Young girl rests fingers on bright, mobile sensory toy station provided by the Toy Foundation grant.
The Toy Foundation grant allowed the Cherese Mari Laulhere Child Life Program to purchase a Vecta Jr. mobile sensory station – a portable sensory cart transforming any space into an engaging, relaxing multi-sensory environment.

The Cherese Mari Laulhere Child Life Program at MemorialCare Miller Children’s & Women’s Hospital Long Beach has been awarded a grant from The Toy Foundation to step up to the challenge of a nationwide crisis in children’s mental health. The grant will allow Child Life to create a pilot sensory intervention program to help children and teens in the emergency room who are experiencing sensory overstimulation.

Prior to the COVID-19 pandemic, behavioral health concerns in children nationwide were growing, with 1 in 5 children experiencing mental health conditions every year, according to data from the Children’s Hospital Association. The pandemic exacerbated the issue, and Miller Children’s has seen a large increase in children with behavioral health concerns. The grant from The Toy Foundation provides the Child Life Program with key resources to meet this growing need.

“We have seen a tremendous increase in children and teens in our emergency department who need sensory intervention to soothe them during a behavioral health emergency, or who are overwhelmed by the emergency department environment,” said Rita Goshert, director, Child Life, Miller Children’s & Women’s Hospital. “This grant from The Toy Foundation will allow us to pilot a sensory program in the emergency department with the potential to expand it to other areas of the hospital.”

Children in emergency departments with mental/behavioral health concerns and/or with conditions like autism spectrum disorder, ADD, ADHD, Cerebral Palsy, anxiety, etc., may be more susceptible to being overstimulated. They often stay in the emergency department for long periods during their initial treatment and diagnosis, and the environment can be upsetting and overwhelming for any child, particularly ones with special sensory needs.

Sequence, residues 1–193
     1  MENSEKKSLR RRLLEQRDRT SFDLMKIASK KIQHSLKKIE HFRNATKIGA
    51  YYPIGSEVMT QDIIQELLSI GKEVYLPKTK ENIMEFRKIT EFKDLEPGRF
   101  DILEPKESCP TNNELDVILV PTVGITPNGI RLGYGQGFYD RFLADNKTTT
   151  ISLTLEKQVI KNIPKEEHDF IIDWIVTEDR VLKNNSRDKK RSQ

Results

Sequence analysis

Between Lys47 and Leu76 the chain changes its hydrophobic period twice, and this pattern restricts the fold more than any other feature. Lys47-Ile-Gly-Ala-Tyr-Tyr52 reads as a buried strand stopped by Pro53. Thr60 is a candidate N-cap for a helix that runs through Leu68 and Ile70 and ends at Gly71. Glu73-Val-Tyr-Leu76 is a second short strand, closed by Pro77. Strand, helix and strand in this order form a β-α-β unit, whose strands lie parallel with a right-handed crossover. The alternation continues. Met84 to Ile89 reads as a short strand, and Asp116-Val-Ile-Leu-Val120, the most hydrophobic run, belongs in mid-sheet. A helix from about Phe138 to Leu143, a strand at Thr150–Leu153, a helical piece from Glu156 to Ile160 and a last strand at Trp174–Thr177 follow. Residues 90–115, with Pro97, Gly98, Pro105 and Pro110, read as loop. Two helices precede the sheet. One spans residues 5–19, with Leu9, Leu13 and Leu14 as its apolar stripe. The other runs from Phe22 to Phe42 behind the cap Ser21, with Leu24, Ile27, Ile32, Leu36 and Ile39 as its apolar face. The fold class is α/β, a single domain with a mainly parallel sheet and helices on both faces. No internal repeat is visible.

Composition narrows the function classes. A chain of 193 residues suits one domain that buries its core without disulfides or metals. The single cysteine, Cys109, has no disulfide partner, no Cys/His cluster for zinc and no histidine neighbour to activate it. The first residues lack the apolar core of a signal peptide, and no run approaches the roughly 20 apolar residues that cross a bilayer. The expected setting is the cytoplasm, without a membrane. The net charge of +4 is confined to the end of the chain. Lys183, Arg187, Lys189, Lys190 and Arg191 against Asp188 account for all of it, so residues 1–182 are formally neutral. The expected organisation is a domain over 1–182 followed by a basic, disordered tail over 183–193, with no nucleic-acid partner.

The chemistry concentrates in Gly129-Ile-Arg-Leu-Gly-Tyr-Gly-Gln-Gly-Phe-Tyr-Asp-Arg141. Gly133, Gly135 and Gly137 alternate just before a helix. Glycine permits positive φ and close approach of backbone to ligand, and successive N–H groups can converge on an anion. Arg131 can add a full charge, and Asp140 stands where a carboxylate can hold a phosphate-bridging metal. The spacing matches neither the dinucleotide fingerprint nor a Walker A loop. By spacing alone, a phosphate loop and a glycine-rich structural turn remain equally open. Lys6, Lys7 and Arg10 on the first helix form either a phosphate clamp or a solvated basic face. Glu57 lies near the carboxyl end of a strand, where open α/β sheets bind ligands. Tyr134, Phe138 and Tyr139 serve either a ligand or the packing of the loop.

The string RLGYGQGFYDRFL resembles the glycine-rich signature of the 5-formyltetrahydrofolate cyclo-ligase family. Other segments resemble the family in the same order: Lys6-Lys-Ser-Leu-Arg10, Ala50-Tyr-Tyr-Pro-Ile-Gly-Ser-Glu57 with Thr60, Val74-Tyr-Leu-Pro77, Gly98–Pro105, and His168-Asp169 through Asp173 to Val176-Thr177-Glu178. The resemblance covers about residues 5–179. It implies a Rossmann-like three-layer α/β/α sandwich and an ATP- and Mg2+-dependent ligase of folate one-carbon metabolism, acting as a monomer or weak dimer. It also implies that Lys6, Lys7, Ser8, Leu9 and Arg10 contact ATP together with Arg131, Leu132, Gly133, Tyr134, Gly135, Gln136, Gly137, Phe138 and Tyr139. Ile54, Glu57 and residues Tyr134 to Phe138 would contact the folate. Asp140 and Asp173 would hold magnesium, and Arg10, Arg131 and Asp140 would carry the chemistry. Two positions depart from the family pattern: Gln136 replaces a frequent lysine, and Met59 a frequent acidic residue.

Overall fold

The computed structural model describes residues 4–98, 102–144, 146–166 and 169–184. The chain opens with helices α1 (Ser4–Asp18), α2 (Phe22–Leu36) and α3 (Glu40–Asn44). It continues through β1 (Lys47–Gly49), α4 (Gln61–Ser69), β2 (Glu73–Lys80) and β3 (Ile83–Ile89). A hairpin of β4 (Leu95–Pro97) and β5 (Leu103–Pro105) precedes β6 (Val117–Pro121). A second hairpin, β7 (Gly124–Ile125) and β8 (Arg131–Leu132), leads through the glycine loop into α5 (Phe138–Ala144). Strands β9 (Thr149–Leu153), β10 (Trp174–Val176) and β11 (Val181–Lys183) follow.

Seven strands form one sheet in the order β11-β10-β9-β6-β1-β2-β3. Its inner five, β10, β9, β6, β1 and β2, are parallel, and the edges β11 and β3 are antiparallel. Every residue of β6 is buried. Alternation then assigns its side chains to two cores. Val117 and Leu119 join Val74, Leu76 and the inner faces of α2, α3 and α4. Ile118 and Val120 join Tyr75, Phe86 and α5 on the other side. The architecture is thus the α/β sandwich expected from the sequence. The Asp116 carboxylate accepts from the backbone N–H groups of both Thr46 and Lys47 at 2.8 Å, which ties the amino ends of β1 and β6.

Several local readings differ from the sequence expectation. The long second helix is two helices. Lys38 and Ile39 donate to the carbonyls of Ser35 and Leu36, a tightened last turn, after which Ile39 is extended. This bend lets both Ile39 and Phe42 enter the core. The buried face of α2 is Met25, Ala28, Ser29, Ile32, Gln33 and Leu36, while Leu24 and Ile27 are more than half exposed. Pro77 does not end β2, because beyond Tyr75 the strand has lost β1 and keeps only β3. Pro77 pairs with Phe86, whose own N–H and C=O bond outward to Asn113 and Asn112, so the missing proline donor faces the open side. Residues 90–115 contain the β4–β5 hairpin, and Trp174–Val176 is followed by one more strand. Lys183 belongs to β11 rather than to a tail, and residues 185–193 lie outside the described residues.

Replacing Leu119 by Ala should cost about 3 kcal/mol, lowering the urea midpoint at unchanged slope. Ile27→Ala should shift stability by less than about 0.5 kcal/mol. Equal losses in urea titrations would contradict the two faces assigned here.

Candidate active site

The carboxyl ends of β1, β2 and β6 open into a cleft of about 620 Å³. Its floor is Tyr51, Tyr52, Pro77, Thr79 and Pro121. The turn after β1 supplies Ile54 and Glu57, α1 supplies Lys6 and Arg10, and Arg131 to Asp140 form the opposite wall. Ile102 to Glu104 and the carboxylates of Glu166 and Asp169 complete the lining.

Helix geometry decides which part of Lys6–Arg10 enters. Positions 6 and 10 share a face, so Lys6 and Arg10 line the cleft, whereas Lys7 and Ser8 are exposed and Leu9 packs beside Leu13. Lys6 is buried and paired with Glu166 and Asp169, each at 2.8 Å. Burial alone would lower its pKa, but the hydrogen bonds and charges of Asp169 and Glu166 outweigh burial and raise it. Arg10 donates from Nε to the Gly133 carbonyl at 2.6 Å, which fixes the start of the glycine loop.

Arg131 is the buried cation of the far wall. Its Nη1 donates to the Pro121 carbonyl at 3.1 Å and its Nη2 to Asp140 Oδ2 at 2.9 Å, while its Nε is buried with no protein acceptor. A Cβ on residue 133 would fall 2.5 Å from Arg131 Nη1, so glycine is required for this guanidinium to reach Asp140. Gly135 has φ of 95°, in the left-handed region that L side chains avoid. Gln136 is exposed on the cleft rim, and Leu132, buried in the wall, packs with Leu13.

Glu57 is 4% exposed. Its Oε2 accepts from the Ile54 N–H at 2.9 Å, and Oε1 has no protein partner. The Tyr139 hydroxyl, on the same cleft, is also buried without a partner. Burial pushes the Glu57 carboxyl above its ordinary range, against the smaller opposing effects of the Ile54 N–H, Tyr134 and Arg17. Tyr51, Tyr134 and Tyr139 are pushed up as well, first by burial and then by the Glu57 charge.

The Toy Foundation grant will allow Child Life to purchase special equipment designed to enable diversion and soothing for these young patients. Child Life will train emergency care teams to recognize when a child needs intervention using the resources purchased with grant funds, ensuring these interventions are available 24/7. A longer-term goal is to expand the program to other hospital departments.

“We are so thankful to The Toy Foundation for its generous gift that will allow us to meet a growing and urgent community need,” said Yair Katz, chief executive, Miller Children’s & Women’s Hospital. “The service enabled by this grant reminds us of the crucial role that philanthropy plays in helping our hospital staff provide the extraordinary care they are renowned for.”

In 2023, Miller Children’s joined a nationwide collaborative effort that brings emergency department teams and pediatric mental health experts together to address the national mental health crisis among children. The initiative, called the Emergency Department Screening and Treatment Options for Pediatric Suicide Quality Improvement Collaborative (ED STOP Suicide QI Collaborative), was launched by the EMSC Innovation and Improvement Center in early 2023. Through this collaborative, Miller Children’s will share the sensory pilot program project with other hospitals to serve as a model for other programs.